2. Scharff RL, Besser J, Sharp DJ, Jones TF, Peter GS, Hedberg CW . 2016. An economic evaluation of PulseNet: a network for foodborne disease surveillance. Am J Prev Med 50( Suppl 1) : S66 S73[CrossRef].[PubMed]
3. Hennessy TW, Hedberg CW, Slutsker L, White KE, Besser-Wiek JM, Moen ME, Feldman J, Coleman WW, Edmonson LM, MacDonald KL, Osterholm MT The Investigation Team . 1996. A national outbreak of Salmonella enteritidis infections from ice cream. N Engl J Med 334 : 1281 1286[CrossRef].[PubMed]
4. Painter JA, Hoekstra RM, Ayers T, Tauxe RV, Braden CR, Angulo FJ, Griffin PM . 2013. Attribution of foodborne illnesses, hospitalizations, and deaths to food commodities by using outbreak data, United States, 1998-2008. Emerg Infect Dis 19 : 407 415[CrossRef].[PubMed]
5. Besser J, Carleton HA, Gerner-Smidt P, Lindsey RL, Trees E . 2018. Next-generation sequencing technologies and their application to the study and control of bacterial infections. Clin Microbiol Infect 24 : 335 341[CrossRef].[PubMed]
6. Marder Mph EP, Griffin PM, Cieslak PR, Dunn J, Hurd S, Jervis R, Lathrop S, Muse A, Ryan P, Smith K, Tobin-D'Angelo M, Vugia DJ, Holt KG, Wolpert BJ, Tauxe R, Geissler AL . 2018. Preliminary incidence and trends of infections with pathogens transmitted commonly through food—Foodborne Diseases Active Surveillance Network, 10 U.S. sites, 2006–2017. MMWR Morb Mortal Wkly Rep 67 : 324 328[CrossRef].[PubMed]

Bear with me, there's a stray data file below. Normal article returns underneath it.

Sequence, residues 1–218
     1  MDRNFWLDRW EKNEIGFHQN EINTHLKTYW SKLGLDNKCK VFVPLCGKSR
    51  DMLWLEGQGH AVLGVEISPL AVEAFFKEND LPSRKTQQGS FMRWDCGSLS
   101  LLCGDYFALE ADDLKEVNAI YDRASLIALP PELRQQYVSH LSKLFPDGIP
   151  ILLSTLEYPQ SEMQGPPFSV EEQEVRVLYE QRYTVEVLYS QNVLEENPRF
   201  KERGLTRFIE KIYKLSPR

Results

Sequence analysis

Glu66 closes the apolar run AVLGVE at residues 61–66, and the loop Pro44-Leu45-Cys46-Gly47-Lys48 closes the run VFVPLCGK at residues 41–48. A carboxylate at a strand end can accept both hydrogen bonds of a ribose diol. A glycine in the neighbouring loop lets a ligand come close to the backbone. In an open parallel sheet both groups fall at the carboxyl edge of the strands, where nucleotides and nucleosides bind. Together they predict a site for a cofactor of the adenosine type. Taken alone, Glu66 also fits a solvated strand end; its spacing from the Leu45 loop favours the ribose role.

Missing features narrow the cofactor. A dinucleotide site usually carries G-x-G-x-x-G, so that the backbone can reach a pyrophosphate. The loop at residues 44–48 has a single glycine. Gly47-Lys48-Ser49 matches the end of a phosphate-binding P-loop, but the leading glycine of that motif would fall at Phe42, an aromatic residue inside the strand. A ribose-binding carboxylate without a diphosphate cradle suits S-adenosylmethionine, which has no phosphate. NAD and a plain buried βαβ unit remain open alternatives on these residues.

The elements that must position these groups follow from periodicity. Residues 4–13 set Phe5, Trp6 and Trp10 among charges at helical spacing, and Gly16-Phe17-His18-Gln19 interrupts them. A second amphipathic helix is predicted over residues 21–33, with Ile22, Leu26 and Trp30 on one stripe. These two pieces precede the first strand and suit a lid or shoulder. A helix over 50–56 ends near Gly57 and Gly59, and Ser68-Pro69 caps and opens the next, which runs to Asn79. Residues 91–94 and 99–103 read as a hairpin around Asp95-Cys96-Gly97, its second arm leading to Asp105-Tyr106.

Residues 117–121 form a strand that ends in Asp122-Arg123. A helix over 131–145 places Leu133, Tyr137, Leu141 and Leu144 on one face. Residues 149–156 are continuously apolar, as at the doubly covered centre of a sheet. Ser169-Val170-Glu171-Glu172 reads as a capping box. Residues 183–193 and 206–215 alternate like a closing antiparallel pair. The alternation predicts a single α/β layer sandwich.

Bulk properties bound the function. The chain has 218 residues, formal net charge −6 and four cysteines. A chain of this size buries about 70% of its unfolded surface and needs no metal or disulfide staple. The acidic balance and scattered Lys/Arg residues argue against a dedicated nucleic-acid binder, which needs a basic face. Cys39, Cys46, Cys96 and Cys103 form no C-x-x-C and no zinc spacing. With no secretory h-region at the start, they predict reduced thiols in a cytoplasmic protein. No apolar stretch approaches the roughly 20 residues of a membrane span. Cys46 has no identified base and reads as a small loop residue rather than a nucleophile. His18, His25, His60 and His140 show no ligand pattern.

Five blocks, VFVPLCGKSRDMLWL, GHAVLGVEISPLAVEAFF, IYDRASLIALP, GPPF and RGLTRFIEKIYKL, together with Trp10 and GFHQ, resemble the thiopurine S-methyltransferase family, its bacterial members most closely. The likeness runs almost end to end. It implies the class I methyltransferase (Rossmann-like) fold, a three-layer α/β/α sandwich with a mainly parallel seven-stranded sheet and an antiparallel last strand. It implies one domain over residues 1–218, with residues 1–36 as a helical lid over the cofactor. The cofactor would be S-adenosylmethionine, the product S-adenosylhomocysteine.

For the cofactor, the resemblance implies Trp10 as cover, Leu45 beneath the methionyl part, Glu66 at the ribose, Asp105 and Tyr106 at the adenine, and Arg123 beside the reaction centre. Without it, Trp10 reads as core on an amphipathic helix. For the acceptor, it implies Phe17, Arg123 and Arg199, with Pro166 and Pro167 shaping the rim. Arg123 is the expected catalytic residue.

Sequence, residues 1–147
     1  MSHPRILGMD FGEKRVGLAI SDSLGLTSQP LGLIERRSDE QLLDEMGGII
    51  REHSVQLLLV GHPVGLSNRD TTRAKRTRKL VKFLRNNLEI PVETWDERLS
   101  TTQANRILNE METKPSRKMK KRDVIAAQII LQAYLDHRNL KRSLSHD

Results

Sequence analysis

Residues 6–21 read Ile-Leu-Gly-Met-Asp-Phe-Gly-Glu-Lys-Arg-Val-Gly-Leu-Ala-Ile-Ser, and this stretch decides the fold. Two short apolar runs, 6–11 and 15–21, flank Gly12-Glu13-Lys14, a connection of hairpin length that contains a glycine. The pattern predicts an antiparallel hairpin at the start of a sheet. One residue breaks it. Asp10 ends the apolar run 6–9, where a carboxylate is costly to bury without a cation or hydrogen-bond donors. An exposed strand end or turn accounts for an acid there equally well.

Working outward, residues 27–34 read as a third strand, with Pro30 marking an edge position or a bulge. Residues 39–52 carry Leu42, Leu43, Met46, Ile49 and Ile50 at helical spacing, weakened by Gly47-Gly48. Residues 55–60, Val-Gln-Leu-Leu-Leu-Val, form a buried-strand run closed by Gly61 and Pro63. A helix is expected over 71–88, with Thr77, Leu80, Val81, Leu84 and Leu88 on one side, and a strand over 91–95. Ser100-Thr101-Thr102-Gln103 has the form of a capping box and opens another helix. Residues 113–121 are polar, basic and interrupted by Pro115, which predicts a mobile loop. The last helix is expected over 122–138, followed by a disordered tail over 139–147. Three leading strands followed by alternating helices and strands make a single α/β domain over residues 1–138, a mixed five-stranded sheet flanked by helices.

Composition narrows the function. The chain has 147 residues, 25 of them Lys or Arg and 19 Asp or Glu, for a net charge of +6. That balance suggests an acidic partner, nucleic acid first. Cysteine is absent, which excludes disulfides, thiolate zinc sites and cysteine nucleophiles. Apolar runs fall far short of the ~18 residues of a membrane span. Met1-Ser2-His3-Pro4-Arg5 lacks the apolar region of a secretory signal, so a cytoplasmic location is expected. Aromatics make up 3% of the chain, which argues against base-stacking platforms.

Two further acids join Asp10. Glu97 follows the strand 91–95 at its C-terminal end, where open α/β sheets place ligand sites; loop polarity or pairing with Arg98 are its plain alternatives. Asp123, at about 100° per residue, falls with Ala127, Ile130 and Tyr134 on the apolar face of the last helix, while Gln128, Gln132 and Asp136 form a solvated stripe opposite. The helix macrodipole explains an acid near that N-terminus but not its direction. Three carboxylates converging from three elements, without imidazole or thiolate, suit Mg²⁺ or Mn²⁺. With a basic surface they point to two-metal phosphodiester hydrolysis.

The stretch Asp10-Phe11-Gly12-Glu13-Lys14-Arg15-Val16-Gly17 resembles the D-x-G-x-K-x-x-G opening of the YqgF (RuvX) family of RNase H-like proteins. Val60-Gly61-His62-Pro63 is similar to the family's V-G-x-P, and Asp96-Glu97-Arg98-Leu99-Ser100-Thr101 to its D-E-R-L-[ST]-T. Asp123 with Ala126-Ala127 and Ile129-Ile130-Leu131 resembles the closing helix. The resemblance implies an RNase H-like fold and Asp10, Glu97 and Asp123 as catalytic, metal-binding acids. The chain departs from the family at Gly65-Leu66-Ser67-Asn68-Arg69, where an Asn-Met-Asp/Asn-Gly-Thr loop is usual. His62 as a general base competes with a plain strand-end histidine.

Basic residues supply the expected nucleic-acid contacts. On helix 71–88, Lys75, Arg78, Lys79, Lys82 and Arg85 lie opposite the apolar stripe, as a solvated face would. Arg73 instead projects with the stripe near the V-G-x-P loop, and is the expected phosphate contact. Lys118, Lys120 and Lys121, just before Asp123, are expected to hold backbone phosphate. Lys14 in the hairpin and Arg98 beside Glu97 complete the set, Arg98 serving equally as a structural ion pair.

7. Havelaar AH, Kirk MD, Torgerson PR, Gibb HJ, Hald T, Lake RJ, Praet N, Bellinger DC, de Silva NR, Gargouri N, Speybroeck N, Cawthorne A, Mathers C, Stein C, Angulo FJ, Devleesschauwer B World Health Organization Foodborne Disease Burden Epidemiology Reference Group . 2015. World Health Organization global estimates and regional comparisons of the burden of foodborne disease in 2010. PLoS Med 12 : e1001923[CrossRef].[PubMed]
8. FDA National Retail Food Team . 2010. FDA trend analysis report on the occurrence of foodborne illness risk factors in selected institutional foodservice, restaurant, and retail food store facility types (1998–2008). U.S. Food and Drug Administration, Washington, DC. https://wayback.archive-it.org/7993/20170113095247/http://www.fda.gov/downloads/Food/GuidanceRegulation/RetailFoodProtection/FoodborneIllnessRiskFactorReduction/UCM369245.pdf

Tables

Generic image for table
Table 8.1

Evaluating the strength of association between illness and exposure in epidemiologic studies

Citation: Hedberg C. 2019. Epidemiology of Foodborne Illnesses, p 209-224. In Doyle M, Diez-Gonzalez F, Hill C (ed), Food Microbiology: Fundamentals and Frontiers, 5th Edition. ASM Press, Washington, DC. doi: 10.1128/9781555819972.ch8
Generic image for table
Table 8.2

Primary components of foodborne disease surveillance and surveillance systems and impact of recent developments in laboratory and epidemiologic methods

Citation: Hedberg C. 2019. Epidemiology of Foodborne Illnesses, p 209-224. In Doyle M, Diez-Gonzalez F, Hill C (ed), Food Microbiology: Fundamentals and Frontiers, 5th Edition. ASM Press, Washington, DC. doi: 10.1128/9781555819972.ch8